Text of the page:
In every stage of these Oppressions We have Petitioned for Redress in the most humble terms: Our repeated Petitions have been answered only by repeated injury. A Prince whose character is thus marked by every act which may define a Tyrant, is unfit to be the ruler of a free people.

Declaration of Independence In Congress, July 4, 1776

I think the news breaking about the NSA’s PRISM program is pretty scary.  This type of abuse is truly the biggest threat to the country and the liberties we hold dear that I can think of.  It seems like everyone kind of expected this type of surveillance was taking place but now that we’ve been confronted with some hard evidence it becomes harder to just write it off.  This is truly an Orwellian nightmare come true.

Obama – what part of “The right of the people to be secure in their persons, houses, papers, and effects, against unreasonable searches and seizures, shall not be violated, and no Warrants shall issue, but upon probable cause, supported by Oath or affirmation, and particularly describing the place to be searched, and the persons or things to be seized” do you not understand?

I was thinking about this yesterday and I was trying to come up with an analogous 1776 version of this story.  It would basically involve the British having a central processing center for all written communications and papers (kind of like the postal service but you can’t avoid it).  But instead of just receiving and distributing the mail it made a copy of every document that passed through and kept that document on file forever – for the king or his agents to review at their pleasure.  Images of red coats sitting in a row reading and transcribing letters with their feather pens should be coming to mind.  Wouldn’t that have been outrageous?  Do you think the founding fathers would have listed that as one of their grievances in the Declaration of Independence?  I digress…

There is a great op-ed piece in the Guardian by Daniel Ellsberg that is worth a read – below is an excerpt.  It’s also worth nothing that Ellsberg thinks this is the most important leak in American history; even more important than the Pentagon Papers that were leaked 40 years ago.  (side note: at least the UK’s free press is looking out for our rights and liberties – thanks, we owe you one)

“But what is not legitimate is to use a secrecy system to hide programs that are blatantly unconstitutional in their breadth and potential abuse. Neither the president nor Congress as a whole may by themselves revoke the fourth amendment – and that’s why what Snowden has revealed so far was secret from the American people.

In 1975, Senator Frank Church spoke of the National Security Agency in these terms:

“I know the capacity that is there to make tyranny total in America, and we must see to it that this agency and all agencies that possess this technology operate within the law and under proper supervision, so that we never cross over that abyss. That is the abyss from which there is no return.”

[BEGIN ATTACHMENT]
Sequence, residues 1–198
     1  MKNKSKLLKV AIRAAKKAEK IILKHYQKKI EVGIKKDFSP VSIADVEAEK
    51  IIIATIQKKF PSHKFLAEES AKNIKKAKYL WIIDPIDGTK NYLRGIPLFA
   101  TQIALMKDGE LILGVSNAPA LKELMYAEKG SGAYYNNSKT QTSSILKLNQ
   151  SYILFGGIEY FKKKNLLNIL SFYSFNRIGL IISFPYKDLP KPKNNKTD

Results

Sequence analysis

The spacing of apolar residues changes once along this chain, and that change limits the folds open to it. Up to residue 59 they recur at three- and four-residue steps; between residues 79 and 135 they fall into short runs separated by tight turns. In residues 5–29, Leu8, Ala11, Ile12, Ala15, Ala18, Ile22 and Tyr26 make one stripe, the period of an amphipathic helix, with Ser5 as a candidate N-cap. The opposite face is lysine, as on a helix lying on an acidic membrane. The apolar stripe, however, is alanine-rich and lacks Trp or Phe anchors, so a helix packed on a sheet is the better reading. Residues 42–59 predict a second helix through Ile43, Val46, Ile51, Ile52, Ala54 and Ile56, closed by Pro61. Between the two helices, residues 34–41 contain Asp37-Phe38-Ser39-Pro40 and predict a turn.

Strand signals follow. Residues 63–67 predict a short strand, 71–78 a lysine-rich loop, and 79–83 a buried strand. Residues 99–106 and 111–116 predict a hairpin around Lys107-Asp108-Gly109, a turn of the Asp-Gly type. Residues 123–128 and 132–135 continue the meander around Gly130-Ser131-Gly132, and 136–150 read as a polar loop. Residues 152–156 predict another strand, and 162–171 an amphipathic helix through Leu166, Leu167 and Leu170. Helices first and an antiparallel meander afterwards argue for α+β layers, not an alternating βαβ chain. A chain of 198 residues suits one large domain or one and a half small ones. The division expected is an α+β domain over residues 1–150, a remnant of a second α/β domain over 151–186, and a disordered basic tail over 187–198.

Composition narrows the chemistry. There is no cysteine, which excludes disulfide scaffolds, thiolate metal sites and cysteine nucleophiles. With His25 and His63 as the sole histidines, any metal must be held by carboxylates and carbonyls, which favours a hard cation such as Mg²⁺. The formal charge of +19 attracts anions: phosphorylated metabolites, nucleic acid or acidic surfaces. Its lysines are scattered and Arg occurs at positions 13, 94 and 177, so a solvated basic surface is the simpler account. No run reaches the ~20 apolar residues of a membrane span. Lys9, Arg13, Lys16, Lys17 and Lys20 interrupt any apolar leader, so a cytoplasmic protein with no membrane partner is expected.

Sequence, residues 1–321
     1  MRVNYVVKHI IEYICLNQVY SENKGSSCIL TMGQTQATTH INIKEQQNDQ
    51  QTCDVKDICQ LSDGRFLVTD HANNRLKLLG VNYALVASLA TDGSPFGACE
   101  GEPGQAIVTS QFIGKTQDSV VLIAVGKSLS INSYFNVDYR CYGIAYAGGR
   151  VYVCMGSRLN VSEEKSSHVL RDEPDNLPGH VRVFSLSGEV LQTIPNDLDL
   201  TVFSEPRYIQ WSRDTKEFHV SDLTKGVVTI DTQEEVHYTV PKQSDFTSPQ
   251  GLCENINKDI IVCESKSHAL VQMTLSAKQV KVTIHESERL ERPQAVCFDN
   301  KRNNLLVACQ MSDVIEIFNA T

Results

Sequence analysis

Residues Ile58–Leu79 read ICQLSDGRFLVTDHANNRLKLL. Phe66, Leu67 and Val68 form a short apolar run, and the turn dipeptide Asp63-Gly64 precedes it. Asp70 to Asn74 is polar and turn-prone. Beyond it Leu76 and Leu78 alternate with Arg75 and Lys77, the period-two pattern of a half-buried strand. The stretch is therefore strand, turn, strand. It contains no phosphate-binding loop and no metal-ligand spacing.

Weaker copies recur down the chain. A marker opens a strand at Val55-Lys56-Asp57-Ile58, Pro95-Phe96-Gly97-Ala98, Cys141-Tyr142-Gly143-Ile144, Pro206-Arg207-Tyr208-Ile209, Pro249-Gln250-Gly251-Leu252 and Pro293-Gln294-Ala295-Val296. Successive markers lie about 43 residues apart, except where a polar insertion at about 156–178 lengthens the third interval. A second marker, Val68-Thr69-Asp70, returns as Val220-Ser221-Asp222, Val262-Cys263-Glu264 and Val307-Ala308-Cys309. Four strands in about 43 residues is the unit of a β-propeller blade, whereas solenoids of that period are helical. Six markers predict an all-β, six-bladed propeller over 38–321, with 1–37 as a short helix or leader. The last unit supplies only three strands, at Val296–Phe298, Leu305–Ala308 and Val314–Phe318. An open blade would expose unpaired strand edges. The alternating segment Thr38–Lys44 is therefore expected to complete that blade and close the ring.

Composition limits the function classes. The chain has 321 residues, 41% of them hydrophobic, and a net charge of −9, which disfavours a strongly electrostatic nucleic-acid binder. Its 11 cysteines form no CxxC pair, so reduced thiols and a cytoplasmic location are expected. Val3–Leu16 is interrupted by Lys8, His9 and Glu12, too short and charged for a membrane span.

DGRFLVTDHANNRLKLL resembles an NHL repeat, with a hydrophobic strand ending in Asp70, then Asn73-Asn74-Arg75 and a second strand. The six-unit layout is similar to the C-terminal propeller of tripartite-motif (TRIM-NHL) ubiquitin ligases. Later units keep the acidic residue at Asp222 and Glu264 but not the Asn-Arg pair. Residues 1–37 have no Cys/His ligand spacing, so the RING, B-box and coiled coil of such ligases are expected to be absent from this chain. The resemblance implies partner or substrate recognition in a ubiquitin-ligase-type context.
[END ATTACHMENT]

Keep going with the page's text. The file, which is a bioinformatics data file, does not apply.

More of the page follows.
The dangerous prospect of which he warned was that America’s intelligence gathering capability – which is today beyond any comparison with what existed in his pre-digital era – “at any time could be turned around on the American people and no American would have any privacy left.”

That has now happened. That is what Snowden has exposed, with official, secret documents. The NSAFBI and CIA have, with the new digital technology, surveillance powers over our own citizens that the Stasi – the secret police in the former “democratic republic” of East Germany – could scarcely have dreamed of. Snowden reveals that the so-called intelligence community has become the United Stasi of America.”

Scary stuff indeed.  Hang on… someone’s at the door.

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Today is June 6, 2013 – sixty nine years ago today the Allied Forces stormed the beaches of Normandy in what was perhaps the boldest military invasion in history.  160,000 American, British, and Canadian soldiers landed on the beaches of France to begin the long, bloody battle to liberate France and the rest of Nazi occupied Europe.

On this day I find myself reflecting on the daunting task they faced.  Reflecting on their courage, their strength, and their ultimate accomplishment.  Reflecting on the uncertainty they faced and what must have been going through their minds as they waded through that water.  Reflecting on the perspective their situation, their efforts, and their triumph provides.  

I find their strength inspires strength in me; for I know my problems are trivial compared to not only theirs, but anyone living through that period.  It makes today’s problems seem small and conquerable.  And it reminds me that we have some very big shoes to fill.